Rice is the main staple food in Nepal. Rainfed lowland rice is grown in nearly 49% of the total rice growing areas in the country. It is directly grown in bounded soil of Tars and the terrace lands of river basin areas within an altitude of 300-750 masl. Most rainfed lowland farmers are resource-poor and socially marginalized.
Rainfed rice depends on rainfall for its irrigation. Unfortunately, the area experiences irregular downpour. Rice is subjected to drought, which causes the decline in yield. The productivity of rainfed rice is less than 2.5 ton /ha which makes it very difficult to meet the consumers' demands. To address these challenges, IRRI/NARC-STRASA project, with funding from the Bill and Melinda Gates Foundation (BMGF), has been developing drought- and submergence-tolerant varieties for household food security and environmental security.
In 2009, Participatory Variety Selection (PVS) for the suitable genotypes in drought- and submergence-tolerant varieties began at Baluwa village of Sirha district and Sahorwa village of Mahottari district through the STRASA project. Drought-tolerant rice varieties Sukha dhan 1, 2, 3 ,4 5, and 6 varieties were developed by IRRI and introduced through STRASA. These varieties have been tested in coordinated varietal trails as well as in farmers’ field trails over years at multi-locations. The mean yield obtained as 3500-4200 kg/ha under drought conditions. Drought-tolerant varieties have been released for general cultivation. The improved rice genotypes of these varieties were distributed to the farmers through PVS. The painstaking work took eight years for selecting suitable rice varieties as Sukha dhan 1, 2, 3 ,4 5, and 6 for rainfed lowland. These are resistant to blast and bacterial leaf blight. They are also tolerant to termite and stem borer. The success of Sukha dhan 1, 2, 3 ,4 5, and 6 rice varieties in rainfed lowland became popular in Nepal. Now, rainfed lowland farmers no longer experience low yield during drought. Drought-tolerant varieties are high yielding crop and could change the livelihood rainfed lowland farmers.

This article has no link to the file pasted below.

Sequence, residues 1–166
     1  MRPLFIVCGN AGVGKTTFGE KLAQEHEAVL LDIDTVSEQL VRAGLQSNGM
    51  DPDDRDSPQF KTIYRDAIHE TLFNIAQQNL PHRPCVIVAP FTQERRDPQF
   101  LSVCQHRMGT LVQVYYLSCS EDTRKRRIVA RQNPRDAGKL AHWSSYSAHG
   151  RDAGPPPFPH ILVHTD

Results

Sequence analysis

Scientists visited field of Sukha dhan as released in Nepal and adjoining field suffered with severe drought
Mrs. Bishnu Thapa is a 42-year old rainfed lowland rice farmer with 0.8 ha land. She lives in Bhapasi Village of Mahottari District, Nepal. Mrs. Thapa is very innovative and always wants to try new innovations in agricultural system. Because of uneven rainfall, Mrs. Thapa finds it difficult to cultivate rice with. She struggled to get good yield in her fields. She also did not know the scope for other crops in rainfed lowland during the dry season that can meet her family demands.
Shift cultivation practices in fragile rainfed areas were implemented by STRASA project. Because of this, Mrs. Thapa has started to grow drought-tolerant rice with improved technologies per scientists' advice from the National Rice Research program (NRRP) Hardianth. In rainfed lowland minority ethnic group of farmers residing and have grown with traditional varieties with poor yield. There are problems of weeds, drought with erratic rain fall in rainfed lowland since last few decades.